Initial Homing Unit Match

The A.C.E. included a new operation to match P-sample and January 2000 MAF housing units prior to interviewing. The purpose of the match was to facilitate such operations as large block subsampling, telephone interviewing, and matching. Although the P-sample and census address lists were linked, independence was maintained because no changes were carried over from one list to the other as a consequence of the match.

P-Sample Interviewing Technology

The A.C.E. used computer-assisted telephone and personal interviewing (CATI/CAPI) to facilitate the accuracy of the information collected and the speed of data capture and processing. The PES used paper-and-pencil techniques throughout.

Matching Technology

The A.C.E. clerical matching operation was conducted by clerks examining computerized P-sample responses and questionnaire images for census cases in the sampled block clusters. The technology was designed to be user friendly. Because of complete computerization of the operation, all matching could be done at one location, instead of seven as in 1990.

Treatment of Movers

A major change from 1990 was the treatment of movers. The goal of the 1990 PES was to visit each P-sample address and find out where the current residents usually lived as of Census Day, April 1. This procedure is called PES-B, which requires collecting Census Day address information for inmovers (people resident at the P-sample address on interview day but not on Census Day) and searching nationwide to determine if they were enumerated or missed at their reported Census Day residences.11 The original design for Integrated Coverage Measurement for 2000 ruled out PES-B because of the plan to use sampling for nonresponse follow-up, which meant that movers might not match because their Census Day addresses did not fall into the nonresponse follow-up sample. This decision was carried over to A.C.E.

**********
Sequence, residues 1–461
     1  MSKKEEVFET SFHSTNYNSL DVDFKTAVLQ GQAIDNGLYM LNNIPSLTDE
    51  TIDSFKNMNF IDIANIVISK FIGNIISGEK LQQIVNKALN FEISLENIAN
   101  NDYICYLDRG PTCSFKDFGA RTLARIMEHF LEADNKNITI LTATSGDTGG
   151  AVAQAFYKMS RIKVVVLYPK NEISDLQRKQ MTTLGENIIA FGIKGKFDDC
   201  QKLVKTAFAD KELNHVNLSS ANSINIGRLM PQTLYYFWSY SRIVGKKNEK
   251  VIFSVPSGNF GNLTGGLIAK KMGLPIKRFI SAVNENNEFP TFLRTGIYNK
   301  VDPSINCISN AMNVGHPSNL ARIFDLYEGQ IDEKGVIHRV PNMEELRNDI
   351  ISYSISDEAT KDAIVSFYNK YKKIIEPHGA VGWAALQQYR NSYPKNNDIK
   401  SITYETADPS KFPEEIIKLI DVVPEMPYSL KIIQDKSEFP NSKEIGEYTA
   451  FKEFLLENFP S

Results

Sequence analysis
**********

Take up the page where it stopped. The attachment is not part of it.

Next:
The 2000 A.C.E. had two goals: to find out who lived at each P-sample address on Census Day and determine whether they were enumerated or missed in the census at that address and to find out who lived at each P-sample address as of the A.C.E. interview day. This procedure is called PES-C; it results in

11  

See Marks (1978), who also described a PES-A procedure in which the goal is to visit each P-sample address to find out who lived there on Census Day.



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